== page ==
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Designing a Work-Friendly Tax System

Options and Trade-Offs

Jonathan Barry Forman, Adam Carasso, Mohammed Adeel Saleem

Published: June 09, 2005
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The nonpartisan Urban Institute publishes studies, reports, and books on timely topics worthy of public consideration. The views expressed are those of the authors and should not be attributed to the Urban Institute, its trustees, or its funders.

Note: This report is available in its entirety in the Portable Document Format (PDF).


Taxes influence our choice between work and leisure. High effective marginal tax rates may discourage and certainly distort our incentive to work. Marginal rates differ from average tax rates in that they quantify the rate that applies to a worker's last dollar of earnings. A tax filer earning $18,000 in 2004 and in the 10 percent tax bracket would face a marginal tax rate of 10 percent on each additional dollar earned above $18,000.1 This is true even though most of her income below $18,000 may not be taxable—in other words, her average tax rate would be well below 10 percent.

Suppose further that she has two children and receives the earned income tax credit—a generous tax credit targeted to low-income families that decreases by 21.06 cents for every dollar earned above $14,040. This benefit phaseout rate is hidden to her in the sense that it is not associated with any tax bracket on her tax forms. However, her effective marginal tax rate includes it, amounting to the sum of the 10 percent income tax plus the 21.06 percent EITC phaseout, for a total rate of 31.06 percent. But this calculation is still not complete. We have not included the child tax credit that would lower her effective marginal tax rate (because this credit is still phasing in at her salary level) or her Social Security payroll taxes that would raise it again. We see, though, that effective marginal tax rates may differ from statutory tax rates by a good deal—they may be both lower and higher—and they are confusing to assess because our panoply of tax statutes and programs place differing statutory and hidden rates in effect at nearly every income level.

It is this effective marginal tax rate that economists believe strongly influences a household's decision to engage or not engage in more work2—regardless of whether the household is aware of the tax rate. The higher the tax rate, the less the household will gain from additional work and (many believe) the more likely the household will substitute leisure for work or find some way of avoiding the tax. In particular (although, not without debate), the empirical evidence tends to show that high effective marginal tax rates can discourage work by low- and moderate-income individuals, especially those who are trying to work their way off the welfare system.3 Unfortunately, the current federal tax system often imposes its highest effective marginal tax rates on just those individuals. The purpose of this paper is to suggest some options for reducing those high effective marginal tax rates.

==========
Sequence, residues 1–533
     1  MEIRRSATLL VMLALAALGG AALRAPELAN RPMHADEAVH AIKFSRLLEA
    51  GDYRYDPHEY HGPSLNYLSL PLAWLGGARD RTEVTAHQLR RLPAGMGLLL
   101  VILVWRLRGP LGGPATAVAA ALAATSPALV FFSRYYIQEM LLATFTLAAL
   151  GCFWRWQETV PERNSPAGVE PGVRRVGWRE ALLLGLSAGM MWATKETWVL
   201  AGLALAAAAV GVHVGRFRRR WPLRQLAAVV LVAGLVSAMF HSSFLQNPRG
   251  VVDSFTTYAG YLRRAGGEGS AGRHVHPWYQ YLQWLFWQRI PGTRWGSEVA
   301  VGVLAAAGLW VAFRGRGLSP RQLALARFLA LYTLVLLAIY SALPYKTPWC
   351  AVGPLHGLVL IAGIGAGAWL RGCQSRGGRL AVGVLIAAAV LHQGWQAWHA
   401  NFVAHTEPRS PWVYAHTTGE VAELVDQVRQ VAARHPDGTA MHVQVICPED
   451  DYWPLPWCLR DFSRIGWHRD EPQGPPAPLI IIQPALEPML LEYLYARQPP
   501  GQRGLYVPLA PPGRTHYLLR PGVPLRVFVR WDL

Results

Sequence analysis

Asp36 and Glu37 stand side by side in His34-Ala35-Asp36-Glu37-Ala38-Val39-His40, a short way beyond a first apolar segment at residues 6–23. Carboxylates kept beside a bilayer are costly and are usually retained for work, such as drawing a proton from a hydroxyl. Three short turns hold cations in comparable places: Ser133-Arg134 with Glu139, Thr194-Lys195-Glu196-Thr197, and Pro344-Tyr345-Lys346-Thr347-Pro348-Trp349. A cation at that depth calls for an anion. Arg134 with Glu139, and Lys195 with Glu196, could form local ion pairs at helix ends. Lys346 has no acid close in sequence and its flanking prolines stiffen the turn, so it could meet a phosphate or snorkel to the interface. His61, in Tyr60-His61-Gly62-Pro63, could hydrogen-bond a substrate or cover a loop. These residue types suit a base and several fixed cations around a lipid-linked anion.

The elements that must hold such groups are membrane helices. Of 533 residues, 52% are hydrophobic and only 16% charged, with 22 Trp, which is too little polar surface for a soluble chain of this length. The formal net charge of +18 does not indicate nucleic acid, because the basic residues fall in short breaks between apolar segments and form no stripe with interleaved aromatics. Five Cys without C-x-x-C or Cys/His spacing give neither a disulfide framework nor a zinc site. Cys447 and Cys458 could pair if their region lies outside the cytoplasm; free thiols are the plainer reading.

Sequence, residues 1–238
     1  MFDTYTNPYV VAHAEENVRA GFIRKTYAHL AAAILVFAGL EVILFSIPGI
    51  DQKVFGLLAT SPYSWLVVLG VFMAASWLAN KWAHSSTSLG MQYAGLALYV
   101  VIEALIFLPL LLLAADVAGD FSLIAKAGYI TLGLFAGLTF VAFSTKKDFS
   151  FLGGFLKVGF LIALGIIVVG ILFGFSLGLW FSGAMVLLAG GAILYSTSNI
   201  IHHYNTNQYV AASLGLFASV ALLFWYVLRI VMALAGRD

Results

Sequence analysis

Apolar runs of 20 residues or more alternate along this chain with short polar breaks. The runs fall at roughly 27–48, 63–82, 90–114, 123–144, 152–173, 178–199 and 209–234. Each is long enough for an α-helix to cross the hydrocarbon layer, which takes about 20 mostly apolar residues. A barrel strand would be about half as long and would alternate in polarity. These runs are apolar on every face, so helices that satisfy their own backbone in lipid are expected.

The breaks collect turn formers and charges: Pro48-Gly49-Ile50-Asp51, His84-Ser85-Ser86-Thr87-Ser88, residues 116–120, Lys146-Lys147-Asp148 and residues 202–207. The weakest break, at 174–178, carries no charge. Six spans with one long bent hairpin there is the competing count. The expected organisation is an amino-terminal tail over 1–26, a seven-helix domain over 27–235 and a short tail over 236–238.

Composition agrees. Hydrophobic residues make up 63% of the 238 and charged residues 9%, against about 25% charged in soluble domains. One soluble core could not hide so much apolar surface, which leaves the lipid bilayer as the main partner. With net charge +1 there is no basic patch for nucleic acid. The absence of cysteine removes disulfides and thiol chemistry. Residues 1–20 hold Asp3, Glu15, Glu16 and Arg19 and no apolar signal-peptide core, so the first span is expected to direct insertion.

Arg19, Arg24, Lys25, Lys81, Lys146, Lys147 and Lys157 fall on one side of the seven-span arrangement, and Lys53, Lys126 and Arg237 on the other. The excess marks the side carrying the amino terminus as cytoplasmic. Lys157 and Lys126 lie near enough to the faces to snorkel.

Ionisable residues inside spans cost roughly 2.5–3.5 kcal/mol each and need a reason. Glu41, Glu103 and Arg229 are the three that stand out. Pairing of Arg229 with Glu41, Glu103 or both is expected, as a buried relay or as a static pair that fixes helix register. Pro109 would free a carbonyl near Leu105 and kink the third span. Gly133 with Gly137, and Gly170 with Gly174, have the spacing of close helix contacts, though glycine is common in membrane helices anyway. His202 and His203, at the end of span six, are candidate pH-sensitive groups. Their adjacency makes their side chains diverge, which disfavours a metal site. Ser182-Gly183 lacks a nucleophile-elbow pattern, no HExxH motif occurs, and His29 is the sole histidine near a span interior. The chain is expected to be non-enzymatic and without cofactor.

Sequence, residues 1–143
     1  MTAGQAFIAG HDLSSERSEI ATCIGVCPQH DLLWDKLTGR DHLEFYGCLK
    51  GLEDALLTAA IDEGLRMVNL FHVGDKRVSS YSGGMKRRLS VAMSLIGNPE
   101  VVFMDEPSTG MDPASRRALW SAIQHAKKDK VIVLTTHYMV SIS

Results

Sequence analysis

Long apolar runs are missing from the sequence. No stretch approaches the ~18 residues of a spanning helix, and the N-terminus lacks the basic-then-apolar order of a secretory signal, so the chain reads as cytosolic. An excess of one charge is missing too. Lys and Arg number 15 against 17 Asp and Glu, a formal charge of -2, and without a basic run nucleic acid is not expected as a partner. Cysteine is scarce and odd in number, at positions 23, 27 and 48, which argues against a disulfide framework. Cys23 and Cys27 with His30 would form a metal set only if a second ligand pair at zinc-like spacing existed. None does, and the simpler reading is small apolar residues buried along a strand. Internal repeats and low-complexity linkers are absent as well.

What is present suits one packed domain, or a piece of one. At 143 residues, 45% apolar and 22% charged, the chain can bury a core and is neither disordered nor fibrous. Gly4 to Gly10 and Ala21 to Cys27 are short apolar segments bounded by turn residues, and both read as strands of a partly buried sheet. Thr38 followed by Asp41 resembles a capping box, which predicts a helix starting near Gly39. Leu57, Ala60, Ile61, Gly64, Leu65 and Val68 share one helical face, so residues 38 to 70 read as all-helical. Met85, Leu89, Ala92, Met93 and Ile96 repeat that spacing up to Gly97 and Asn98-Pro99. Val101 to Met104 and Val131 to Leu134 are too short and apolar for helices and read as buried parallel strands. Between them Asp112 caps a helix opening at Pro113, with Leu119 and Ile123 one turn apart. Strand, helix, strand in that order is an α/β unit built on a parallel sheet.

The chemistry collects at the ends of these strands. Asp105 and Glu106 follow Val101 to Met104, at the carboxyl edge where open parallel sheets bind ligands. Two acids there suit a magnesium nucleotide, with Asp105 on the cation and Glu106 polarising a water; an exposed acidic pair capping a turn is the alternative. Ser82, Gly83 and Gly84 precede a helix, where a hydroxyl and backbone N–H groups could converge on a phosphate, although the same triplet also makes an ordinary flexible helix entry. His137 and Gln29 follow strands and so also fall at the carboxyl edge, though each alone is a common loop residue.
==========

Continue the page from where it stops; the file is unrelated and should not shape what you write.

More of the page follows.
The reform options described in this paper are in line with some past work in the field addressing high tax rates confronted by low-income families.4 One approach would replace the current earned income tax credit with a $2,000 per working parent credit and a refundable $1,000 per child tax credit. We go on to suggest a more comprehensive approach that integrates the individual income tax and Social Security tax systems into a single tax system with refundable $2,000 per working parent earned income tax credits and $1,000 or $2,000 per person refundable personal tax credits or universal grants. This paper considers how to make the federal tax system more work-friendly and less distortionary for low- and moderate-income workers.

Notes from this section of the paper

* This paper builds on Forman (2004).

1. Before tax credits are applied.

2. See, for example, Rosen (2002), pp. 375-84.

3. See, for example, Rosen (2002); Eissa (1996); Coe et al. (1998); Richards (1999); Triest (1996); CBO (1996); Danziger et al. (2002); and Shaviro (1997).

4. See, for example, Carasso, Rohaly, and Steuerle (2003, forthcoming); Sawicky, Cherry, and Denk (2002); Sawhill and Thomas (2001); and Ellwood and Liebman (2000).


Note: This report is available in its entirety in the Portable Document Format (PDF).